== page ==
Monday, March 06, 2006

Last Days

Gus Van Sant's pseudo-biography of Kurt Cobain's last days (hence the title). I loved watching this movie. Van Sant is an interesting director in that he's become more abstract and elusive as his career has grown. (By that I guess I mean his latest movies seem to be less "commercial" than finding forrester and good will hunting-and i like both of those).

"Last Days" marks the third in a kind of trilogy for Van Sant. The three stories aren't related other than the fact that they're all depictions of real events but interpreted and fictionalized by Van Sant.
Last Days has a beautiful haunting quality to it that made the film totally compelling despite it's slow pace and mundane happenings . If you can get past the first twenty minutes of following "Blake" (Van Sant's Cobain) around the pine forests and streams around his home then the film becomes very watchable and interesting. There are some moments of genuine comedy as well when first a Yellow Pages salesman comes to the door and then later a couple of mormon missionaries.

I liked this film for it's ambitious use of sound and images. There's one particular scene where we see and hear a conversation from a moving car. The camera is mounted on the hood and we're looking into the car through the windshield as the passenger (Ricky Jay) tells a story about a magician to the driver (Blake's friend). The scene is beautiful as the inverted reflection of the sky and trees wash repeatedly over the windshield of the moving car during the rather casual conversation.

It's one of several moments in the film in which Van Sant masterfully stretches the medium to create a mood or effect that feels uniquely correct. There are times when his experimenting doesn't work as well but his effort feels genuine and not indulgent so I don't mind.

3 Comments:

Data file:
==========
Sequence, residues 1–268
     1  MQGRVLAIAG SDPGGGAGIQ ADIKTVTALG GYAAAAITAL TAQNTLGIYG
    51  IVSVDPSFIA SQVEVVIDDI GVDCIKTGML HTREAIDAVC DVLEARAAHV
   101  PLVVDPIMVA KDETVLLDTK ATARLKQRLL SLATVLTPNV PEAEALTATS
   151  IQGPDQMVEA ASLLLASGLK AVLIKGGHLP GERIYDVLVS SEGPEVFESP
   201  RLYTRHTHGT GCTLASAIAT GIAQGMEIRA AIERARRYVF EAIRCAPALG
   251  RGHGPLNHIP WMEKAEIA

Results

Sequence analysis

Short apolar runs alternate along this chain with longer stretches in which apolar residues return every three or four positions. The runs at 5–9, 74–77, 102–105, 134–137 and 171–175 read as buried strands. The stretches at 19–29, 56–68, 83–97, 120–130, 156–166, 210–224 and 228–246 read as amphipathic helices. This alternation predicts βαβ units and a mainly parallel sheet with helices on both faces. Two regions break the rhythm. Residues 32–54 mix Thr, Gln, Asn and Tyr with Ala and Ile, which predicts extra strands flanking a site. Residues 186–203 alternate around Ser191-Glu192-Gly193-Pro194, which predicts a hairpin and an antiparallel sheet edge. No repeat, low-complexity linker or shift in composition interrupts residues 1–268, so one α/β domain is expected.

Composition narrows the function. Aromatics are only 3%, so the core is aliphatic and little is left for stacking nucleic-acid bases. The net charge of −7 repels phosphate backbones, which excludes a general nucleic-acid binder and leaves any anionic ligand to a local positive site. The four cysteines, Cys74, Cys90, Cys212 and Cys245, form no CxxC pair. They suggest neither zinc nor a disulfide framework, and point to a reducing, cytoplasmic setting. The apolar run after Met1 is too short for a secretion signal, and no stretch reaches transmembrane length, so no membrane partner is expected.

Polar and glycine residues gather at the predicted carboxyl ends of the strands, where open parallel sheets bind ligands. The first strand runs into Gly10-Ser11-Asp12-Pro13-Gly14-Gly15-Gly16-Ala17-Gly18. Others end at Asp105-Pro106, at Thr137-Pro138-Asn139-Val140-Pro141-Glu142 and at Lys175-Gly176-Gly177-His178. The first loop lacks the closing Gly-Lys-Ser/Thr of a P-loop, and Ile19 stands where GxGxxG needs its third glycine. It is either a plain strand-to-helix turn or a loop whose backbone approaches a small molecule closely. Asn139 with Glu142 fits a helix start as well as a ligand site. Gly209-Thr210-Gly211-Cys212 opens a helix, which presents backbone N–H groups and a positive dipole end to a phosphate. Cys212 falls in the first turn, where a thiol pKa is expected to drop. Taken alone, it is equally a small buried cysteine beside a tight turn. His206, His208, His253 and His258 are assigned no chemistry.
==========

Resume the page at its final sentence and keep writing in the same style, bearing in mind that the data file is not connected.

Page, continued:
Blogger Bryan Summers said...

I totally want to see this. I loved Elephant.

5:19 AM  
Blogger Drew said...

I liked Elephant as well but I don't know if I like Curt Cobain. Is this about him or an equivalent? If so Van Sant, with his last two film, seems to be creating parody without comedy or irony. This might be a new genre.

9:12 AM  
Blogger Jordan said...

I think the movie can be appreciated independent of an appreciation for Kurt Cobain and/or Nirvana. (but i'm not sure - i like nirvana's music so i guess i can't say).

i didn't feel like a fan blinded by admiration or nostalgia while watching it. the film is basically made up of, to steal from your paraphrasing of Sofia Coppola in your Badlands post, "moments that add up to a feeling".

those moments in the film, like Cobain's life, end in suicide so be forewarned. - but it's not a film about suicide (i don't think).
And it has a couple of scenes that i loved in it.
i'm finding that it's easier to talk about scenes than whole movies sometimes. Scenes can be just perfect - perfectly written, acted, directed, lit, staged, shot, paced, and everything just hits you during the movie and you think - "that was a perfect scene - i loved that scene."
but after the film (or collection of scenes if you will) my judgement about the whole work is harder to pin down.

4:15 AM  

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